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    Horn, hourglass, castles

    by , 05-23-2014 at 08:47 PM (475 Views)
    An earlier semi-lucid fragment - I'd been riding in a car someone else was driving, they took a turn much too fast and swung wildly into the next lane, and I was thinking to myself with some annoyance about how ridiculous dream driving can be sometimes.

    There's two women locked up in a circular stone room with no apparent doors and a ceiling so high it can't be seen, like a well or a small tower. I get the impression they're a couple. They're both blonde, one with darker hair and wearing purple, the other with hair so light it's almost white. Hovering around the one in purple is this sort of little glowing gold ball; she's leaning towards the other one, who's unconscious, but who starts to softly glow when that glowing ball gets close to her. They're rescued by people who break through the wall - an old woman and several people I think of as Hunters who've been doing something with a fountain in the center of the room on the other side of the wall. The old woman looks at the hovering glowing ball and calls to the Hunters. "Got one more for you - two!" she adds when she sees that the unconscious woman is also glowing. As they get both the women free, the woman lifts this fancy white horn and says to the woman in purple, "It's yours." And then she quotes a riddle or poem or something similar that led them to this horn - "With the wit, the way." Wit turns out to have been a pun on wet, something to do with that fountain in the other room, and it's those two women locked up who'd figured it out.

    (Woke up. Back to sleep.)

    There's a man trapped inside something like an enormous hourglass, tied to a chair in the bottom half. It's slowly filling with this black liquid. I'm following this from the POV of a man outside the hourglass, watching. This is something like a form of brainwashing - the man in the hourglass is on the other side of some conflict, and a serious threat, and we're turning him to our side. But as a 3rd person observer, I'm aware this is going to backfire; we seriously underestimated how insane that man was to begin with, so making him loyal to us doesn't actually mean he won't still be a threat to us.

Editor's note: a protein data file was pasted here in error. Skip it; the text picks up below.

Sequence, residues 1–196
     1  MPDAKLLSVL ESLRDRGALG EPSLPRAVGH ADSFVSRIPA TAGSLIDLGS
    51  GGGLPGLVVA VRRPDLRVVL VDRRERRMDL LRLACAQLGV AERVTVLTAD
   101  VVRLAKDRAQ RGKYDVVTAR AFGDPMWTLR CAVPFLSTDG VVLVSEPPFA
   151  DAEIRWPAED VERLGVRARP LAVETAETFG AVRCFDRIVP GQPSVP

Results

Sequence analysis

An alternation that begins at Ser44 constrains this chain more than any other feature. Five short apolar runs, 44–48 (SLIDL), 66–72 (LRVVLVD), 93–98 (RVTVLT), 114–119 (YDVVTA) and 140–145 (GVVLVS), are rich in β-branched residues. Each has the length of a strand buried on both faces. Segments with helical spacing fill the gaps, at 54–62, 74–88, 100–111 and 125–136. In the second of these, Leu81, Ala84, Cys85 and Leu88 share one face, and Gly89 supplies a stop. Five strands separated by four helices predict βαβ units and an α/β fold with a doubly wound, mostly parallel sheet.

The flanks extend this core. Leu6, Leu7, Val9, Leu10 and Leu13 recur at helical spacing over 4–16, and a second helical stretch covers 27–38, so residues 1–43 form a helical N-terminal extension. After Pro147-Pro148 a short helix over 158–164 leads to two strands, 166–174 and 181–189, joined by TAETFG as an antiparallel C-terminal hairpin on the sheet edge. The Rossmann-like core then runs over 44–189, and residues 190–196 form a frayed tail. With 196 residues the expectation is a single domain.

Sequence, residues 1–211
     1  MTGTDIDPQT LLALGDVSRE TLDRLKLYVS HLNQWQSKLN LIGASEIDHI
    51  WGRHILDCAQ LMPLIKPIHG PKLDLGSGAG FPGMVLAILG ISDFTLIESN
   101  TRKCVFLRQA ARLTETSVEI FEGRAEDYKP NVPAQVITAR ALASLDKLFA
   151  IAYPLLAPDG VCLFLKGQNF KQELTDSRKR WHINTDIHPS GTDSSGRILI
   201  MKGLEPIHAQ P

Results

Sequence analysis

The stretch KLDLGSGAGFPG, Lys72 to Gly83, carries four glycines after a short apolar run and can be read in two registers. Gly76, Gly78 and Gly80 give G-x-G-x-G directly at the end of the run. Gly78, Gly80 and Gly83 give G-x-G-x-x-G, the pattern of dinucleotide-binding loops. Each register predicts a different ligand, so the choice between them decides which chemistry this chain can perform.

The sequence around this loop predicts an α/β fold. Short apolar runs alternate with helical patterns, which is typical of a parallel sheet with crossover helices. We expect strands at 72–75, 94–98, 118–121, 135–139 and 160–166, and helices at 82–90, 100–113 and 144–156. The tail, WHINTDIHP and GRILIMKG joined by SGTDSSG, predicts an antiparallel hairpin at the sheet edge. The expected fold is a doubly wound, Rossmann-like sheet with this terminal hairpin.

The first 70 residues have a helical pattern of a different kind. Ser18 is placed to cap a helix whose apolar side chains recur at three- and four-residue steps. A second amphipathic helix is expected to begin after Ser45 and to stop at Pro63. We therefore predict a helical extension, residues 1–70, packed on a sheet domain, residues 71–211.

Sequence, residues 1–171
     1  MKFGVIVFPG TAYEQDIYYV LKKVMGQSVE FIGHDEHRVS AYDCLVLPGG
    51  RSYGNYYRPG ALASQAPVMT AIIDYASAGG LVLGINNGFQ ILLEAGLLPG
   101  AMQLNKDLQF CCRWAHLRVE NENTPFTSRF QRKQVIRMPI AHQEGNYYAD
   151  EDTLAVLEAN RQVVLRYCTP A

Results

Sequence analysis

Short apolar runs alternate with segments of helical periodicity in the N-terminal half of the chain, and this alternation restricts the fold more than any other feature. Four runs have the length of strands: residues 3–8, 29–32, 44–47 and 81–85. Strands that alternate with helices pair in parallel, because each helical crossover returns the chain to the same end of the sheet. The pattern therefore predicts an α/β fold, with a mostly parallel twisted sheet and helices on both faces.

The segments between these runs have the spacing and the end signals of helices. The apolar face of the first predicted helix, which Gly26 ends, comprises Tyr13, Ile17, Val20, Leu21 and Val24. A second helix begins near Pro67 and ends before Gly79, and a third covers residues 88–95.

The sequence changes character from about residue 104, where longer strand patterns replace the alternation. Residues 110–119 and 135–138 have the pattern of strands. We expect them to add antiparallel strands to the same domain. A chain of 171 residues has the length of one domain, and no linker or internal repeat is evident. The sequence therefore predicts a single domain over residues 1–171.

Still as that same character who'd been watching the hourglass, I leave the room and go to meet a woman I work with for lunch. But just before we start eating, someone bursts in and stops us - the food's been drugged, something connected to that man I'd left in the hourglass. We leave with that person who burst in, and as we walk he's saying, "We all talk about the war, but does anyone remember what it was about?" We don't. He explains something to do with Skins - the gold or silver markings on our skin that remind the 3rd person observer side of me a little of circuits. Mine are gold, the woman I'm working with has silver; in earlier times, we'd have been on opposite sides of the war. We find this an uncomfortable concept.

    (Woke up. Back to sleep.)

    I'm a young man walking around our castle at night with a girl from a visiting family. We're supposed to get married sometime in the next year or so if negotiations keep going well. Neither of us are supposed to be out of bed right now, but we both were sneaking around on our own and happened to meet up. Right now we're hiding behind a door, watching the leaders of our families talking in the next room. I'm thinking that the colors they're wearing make them both look like they're part of the same family; my family's colors are red, gold and black, but right now our patriarch's only wearing black, except for the sword pin at his throat, which I think of as "hardly red at all" - a dark red, nearly black.

    There are two women sneaking around a castle at night. They'd been intending to escape and then come back when the vampires are asleep and destroy them, but they've just now realized that the vampires never sleep; and on top of that, they've just realized that one of the vampire women here is the exact same woman written about in Quincey's journal. Reading this journal is the thing that made them realize their hosts were some kind of monsters - they don't know very much about vampires at all except what they've read in this journal. So it's a shock to discover that the women in this castle don't age or die, and the idea that the monster in Quincey's journal still exists makes them feel like they can't win. At some point Ephesia is mentioned, a woman's name, though I can't remember whose. One of them suggests giving up on their plan, since it seems hopeless, and tries to convince herself that becoming one of them wouldn't be so bad.

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